In this article about patenting genes author Rebecca Skloot writes:
Nearly a decade ago, surgical procedures were patented similarly to genes:if you went to the hospital needing, say, a certain kind of appendicitis surgery and your doctor hadn’t licensed the procedure, he couldn’t operate without risking a lawsuit. After one case successfully challenged that practice, the House of Representatives put a moratorium on patenting medical procedures and therapies.
A moratorium on patenting medical procedures and therapies? Really? Because unless I missed something major, patents on medical procedures continue to issue apace. Probably Skloot is referencing but badly misunderstanding Section 287 (c) of the Patent Act, which says in pertinent part:
With respect to a medical practitioner’s performance of a medical activity that constitutes an infringement under section 271(a) or (b) of this title, the provisions of sections 281, 283, 284, and 285 of this title shall not apply against the medical practitioner or against a related health care entity with respect to such medical activity.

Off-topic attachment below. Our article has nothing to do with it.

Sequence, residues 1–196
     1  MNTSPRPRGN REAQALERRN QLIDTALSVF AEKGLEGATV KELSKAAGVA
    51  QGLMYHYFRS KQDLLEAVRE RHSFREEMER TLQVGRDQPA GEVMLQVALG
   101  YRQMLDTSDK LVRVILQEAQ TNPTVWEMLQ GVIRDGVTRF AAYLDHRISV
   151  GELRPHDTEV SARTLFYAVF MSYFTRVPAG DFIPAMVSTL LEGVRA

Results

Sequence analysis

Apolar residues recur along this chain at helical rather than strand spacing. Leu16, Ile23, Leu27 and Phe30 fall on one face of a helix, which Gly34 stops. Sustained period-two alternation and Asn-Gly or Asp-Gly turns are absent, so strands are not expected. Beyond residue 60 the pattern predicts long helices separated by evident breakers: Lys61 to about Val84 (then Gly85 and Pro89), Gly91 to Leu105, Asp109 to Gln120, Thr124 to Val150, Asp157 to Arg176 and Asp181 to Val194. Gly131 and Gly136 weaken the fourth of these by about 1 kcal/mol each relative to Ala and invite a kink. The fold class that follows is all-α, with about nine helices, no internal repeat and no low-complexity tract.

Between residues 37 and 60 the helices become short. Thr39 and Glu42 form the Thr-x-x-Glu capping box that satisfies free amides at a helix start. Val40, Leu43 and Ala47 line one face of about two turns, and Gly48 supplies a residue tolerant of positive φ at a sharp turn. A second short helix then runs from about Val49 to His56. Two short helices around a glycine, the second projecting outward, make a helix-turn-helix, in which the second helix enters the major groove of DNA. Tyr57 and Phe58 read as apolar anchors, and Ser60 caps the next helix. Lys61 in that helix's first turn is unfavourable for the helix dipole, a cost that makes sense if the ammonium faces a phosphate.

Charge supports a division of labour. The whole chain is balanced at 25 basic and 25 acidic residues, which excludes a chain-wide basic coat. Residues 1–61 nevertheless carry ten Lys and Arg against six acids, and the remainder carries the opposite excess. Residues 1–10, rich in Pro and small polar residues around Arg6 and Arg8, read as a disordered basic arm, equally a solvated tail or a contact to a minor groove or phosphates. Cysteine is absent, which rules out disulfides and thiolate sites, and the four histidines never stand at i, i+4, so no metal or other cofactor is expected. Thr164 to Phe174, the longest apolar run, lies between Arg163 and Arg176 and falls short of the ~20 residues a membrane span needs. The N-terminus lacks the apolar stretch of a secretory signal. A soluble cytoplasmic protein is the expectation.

This does not prevent anyone from obtaining a patent for a surgical or medical procedure, but rather constrains the way in which any resulting patent can be enforced against doctors and hospitals. Patent law is important to women, and I wish journalists would make more of an effort to understand it and report on it accurately.